• 14     owning   real   estate   in   Turkey   are   very   interesting.   From   the   Office   of   the   United   States   Trade   Representative  website,  it  was  stated  that:   No  foreign  individual  may  own  more  than  2.5  acres,  and  all  foreign  individuals  together  can   own  no  more  than  10%  of  the  land  in  any  given  developmental  zone…there  are  however,   no  limits  on  the  amount  of  land  that  can  be  owned  by  foreign  companies  with  a  legal   presence  in  Turkey,  so  long  as  the  land  is  being  used  in  connection  with  their  business   activities. (U.S.T.R.)     In  doing  research,  it  was  clear  that  there  is  not  much  information  on  real  estate  available  in  Turkey  and   who  owns  what,  which  might  create  trouble  for  investors  hoping  to  enter  the  markets  in  Turkey.  This   may  be  an  area  that  can  be  improved  upon  in  the  future.             Some   miscellaneous   barriers   to   trade   include   but   are   not   limited   to   internet   usage,   certain   career  practices,  and  elements  of  the  judicial  system.  There  have  been  past  court  decisions  that  have   blocked  certain  websites  in  Turkey  such  as  YouTube  and  MySpace.  Details  are  not  completely  clear,  but   the   restrictions   on   certain   internet   website   usage   are   a   barrier   that   Turkey   has   decided   to   pursue.   Career  practices  such  as  accounting,  law,  and  medicine  are  strictly  monitored.  According  to  the  Office  of   the  United  States  Trade  Representative,  to  be  an  accountant  or  a  lawyer  in  Turkey,  one  needs  to  have   Turkish  citizenship.  If  one’s  career  is  in  medicine,  one  might  need  approval  in  order  to  be  a  “foreign   doctor”  in  Turkey.  Finally,  the  judicial  system  is  looked  upon  as  to  be  biased  against  anyone  from  outside   of  the  country.  It  could  be  difficult  to  be  involved  in  a  situation  where  the  law  is  not  on  the  side  of  the   victim,  but  on  the  side  of  the  citizen.  This  is  another  way  that  investing  in  or  become  involved  within  the   borders  of  Turkey  could  be  a  possible  challenge.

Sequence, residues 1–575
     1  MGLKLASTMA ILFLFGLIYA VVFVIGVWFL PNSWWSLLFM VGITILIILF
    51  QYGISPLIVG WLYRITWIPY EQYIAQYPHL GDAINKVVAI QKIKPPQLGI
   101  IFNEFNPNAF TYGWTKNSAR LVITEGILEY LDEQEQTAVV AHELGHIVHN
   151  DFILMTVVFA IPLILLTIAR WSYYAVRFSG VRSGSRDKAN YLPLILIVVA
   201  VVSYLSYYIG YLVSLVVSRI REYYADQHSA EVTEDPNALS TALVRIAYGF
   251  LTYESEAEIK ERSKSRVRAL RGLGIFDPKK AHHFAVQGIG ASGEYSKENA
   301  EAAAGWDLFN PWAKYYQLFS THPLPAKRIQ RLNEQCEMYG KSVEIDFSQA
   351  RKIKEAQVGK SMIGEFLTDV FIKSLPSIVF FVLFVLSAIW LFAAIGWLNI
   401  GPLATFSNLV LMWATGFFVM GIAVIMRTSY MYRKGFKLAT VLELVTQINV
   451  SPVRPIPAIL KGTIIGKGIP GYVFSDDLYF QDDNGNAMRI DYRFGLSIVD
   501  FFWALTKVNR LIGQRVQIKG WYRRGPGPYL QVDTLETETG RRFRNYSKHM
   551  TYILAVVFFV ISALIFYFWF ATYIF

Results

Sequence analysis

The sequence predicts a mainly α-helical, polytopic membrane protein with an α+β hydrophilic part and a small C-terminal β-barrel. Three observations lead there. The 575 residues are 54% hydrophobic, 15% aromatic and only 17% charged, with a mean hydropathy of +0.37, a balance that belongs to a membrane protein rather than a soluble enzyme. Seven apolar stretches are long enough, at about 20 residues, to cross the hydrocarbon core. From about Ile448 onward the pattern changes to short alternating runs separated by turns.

• 15     VII. International  Transaction  Accounts   While   Turkey’s   Capital   Account   on   its   Balance   of   Payments   (refer   to   Exhibits   A   and   B)   has   maintained  a  deficit  for  almost  every  year  since  1990,  the  Financial  Account’s  surplus  (mostly  driven  by   direct  and  portfolio  investments  in  Turkey)  has  provided  the  balance  needed.  Turkey’s  global  balance   has  had  a  surplus  in  almost  every  year  since  1990,  with  the  exceptions  of  2000,  2001  and  2008.  Turkey’s   reserve  assets  account  has  decreased  by  US$72  billions  since  1990.   VIII. Conclusion   Turkey’s  current  economic  climate  is  extremely  complex  and  interconnected  with  the  future  of   different   regions   around   the   world.     Therefore,   to   provide   a   summary   of   Turkey’s   current   economic   status  as  well  as  their  potential  future  involvement  in  the  world  economy,  a  SWOT  analysis  will  provide   the  necessary  insight  to  understand  the  full  picture. A. Strengths   • Turkey’s   geographic   location,   the   bridge   between   Asia   and   Europe,   gives   them   access   to   the   world’s  oceans  as  a  distribution  channel  and  major  world  port  between  the  two  continents.    This   has  led  to  economic  integration,  such  as  the  Customs  Union  between  Turkey  and  the  European   Union,  allowing  them  relatively  free  trade  with  the  participating  nations.     • Due   to   Turkey’s   physical   location   and   the   economic   integration   with   the   EU,   Turkey   has   the   highest   rate   of   GDP   growth   among   OECD   countries,   forecasted   through   2017   at   an   expected   6.7%.     • Further  support  to  this  forecasted  growth  can  be  explained  by  Turkey’s  year  over  year  decrease   in  public  debt  in  relation  to  GDP.    As  previously  mentioned,  Turkey’s  public  debt  to  GDP  ratio   ranks  8th  in  the  world  at  37%.